I have a spectacular client who hires me to teach business and finance classes on video. This usually requires me to travel to another city and spend three days in front of cameras from 7 a.m. to 7 p.m.
It’s a lot of work, but it’s also a lot of fun. And the experience has taught me some valuable business lessons I might have never learned otherwise. Here are some of the most valuable lessons I’ve learned while filming video classes for this particular client.
Putting a good product out there requires investment and commitment.
There’s one thing I really love about this client: they are willing to throw down money in order to put out the best product possible.
For example, they actually hire a full-blown production company when we’re filming video classes. In the past, I’ve had companies try to get me to film stuff on my iPhone to save money and it just doesn’t work.
I’ve taken this as a major cue for my own business. If I want to put good stuff out there, it’s going to take some money and I shouldn’t be afraid to make the investment.
No one succeeds alone.
Simply filming video classes takes a village. There was the production crew (four people for the set), the teachers involved in this set of videos (two of us) and the director (my client). I also interviewed a couple of other people for the class. And that’s just for the actual filming!
There’s also the editing, putting the sales funnel together, the marketing, figuring out how it’s going to be delivered to customers and getting everything onto their website. There are a lot of people behind this project and behind this company, and I’m pretty sure that’s a huge part of why they are successful.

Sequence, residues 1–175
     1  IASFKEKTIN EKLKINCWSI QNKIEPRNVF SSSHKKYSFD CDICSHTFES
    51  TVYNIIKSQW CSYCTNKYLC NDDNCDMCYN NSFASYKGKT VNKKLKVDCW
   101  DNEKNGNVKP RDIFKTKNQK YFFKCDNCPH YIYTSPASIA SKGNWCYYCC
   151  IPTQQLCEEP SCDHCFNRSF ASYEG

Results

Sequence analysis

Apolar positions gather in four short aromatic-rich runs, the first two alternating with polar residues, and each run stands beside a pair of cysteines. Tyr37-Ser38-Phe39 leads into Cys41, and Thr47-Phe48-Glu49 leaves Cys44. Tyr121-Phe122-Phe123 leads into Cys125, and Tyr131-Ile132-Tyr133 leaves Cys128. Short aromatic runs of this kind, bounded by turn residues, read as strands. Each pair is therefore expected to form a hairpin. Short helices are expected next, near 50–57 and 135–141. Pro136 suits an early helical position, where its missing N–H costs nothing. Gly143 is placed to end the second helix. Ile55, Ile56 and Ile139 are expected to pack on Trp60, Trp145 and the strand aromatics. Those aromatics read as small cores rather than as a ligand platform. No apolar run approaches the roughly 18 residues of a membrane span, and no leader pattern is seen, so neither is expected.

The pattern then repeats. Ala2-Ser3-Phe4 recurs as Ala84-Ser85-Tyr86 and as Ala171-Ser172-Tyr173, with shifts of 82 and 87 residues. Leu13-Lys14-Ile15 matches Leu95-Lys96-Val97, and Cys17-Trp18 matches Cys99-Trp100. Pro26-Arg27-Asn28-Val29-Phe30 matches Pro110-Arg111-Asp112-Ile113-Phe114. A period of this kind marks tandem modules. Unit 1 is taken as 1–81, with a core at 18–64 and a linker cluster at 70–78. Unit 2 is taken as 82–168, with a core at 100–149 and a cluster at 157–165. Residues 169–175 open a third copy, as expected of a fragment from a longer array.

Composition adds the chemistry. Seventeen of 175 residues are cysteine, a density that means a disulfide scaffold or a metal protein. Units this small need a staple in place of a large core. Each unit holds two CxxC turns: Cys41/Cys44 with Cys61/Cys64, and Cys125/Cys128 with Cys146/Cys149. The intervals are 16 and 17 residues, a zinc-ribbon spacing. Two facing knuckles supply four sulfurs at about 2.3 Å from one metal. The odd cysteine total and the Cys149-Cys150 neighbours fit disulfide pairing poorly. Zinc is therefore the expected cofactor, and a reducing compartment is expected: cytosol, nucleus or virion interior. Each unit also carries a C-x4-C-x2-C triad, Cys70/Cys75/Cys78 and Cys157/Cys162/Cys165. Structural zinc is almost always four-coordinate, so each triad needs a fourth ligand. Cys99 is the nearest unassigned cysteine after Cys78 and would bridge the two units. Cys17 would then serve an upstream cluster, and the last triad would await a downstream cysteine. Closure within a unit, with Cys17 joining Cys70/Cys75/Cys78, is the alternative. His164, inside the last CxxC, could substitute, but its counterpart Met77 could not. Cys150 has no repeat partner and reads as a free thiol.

The lesson here is simple: I need to let other people help me. I need to continue outsourcing to people who are far better at certain things than I am.
People should stick to their superpowers.
I recently wrote and article about how business owners should cater to their unique strengths. That piece was actually inspired by this client who told me one of my superpowers was story telling. This was after he’d watched me film video classes for a few hours.
He’s right. I get into a weird zone when I’m in front of the camera teaching. It’s like nothing else exists. Because it’s my superpower, that’s why I get paid to do it.
The same is true for the other people involved. The videographer has insane skills with a camera, so that’s what he does. His boss has skills for finding on-camera talent and making sales, so that’s what she does.
The point I’m trying to make is this: stick to your superpowers. As Sophia Amoruso says, play up your strengths in business and you’ll get much further.
Filming a video class for a client has taught me quite a bit about what it takes to run a successful business. From investing to collaborating, there are lots of nuggets of wisdom I took with me.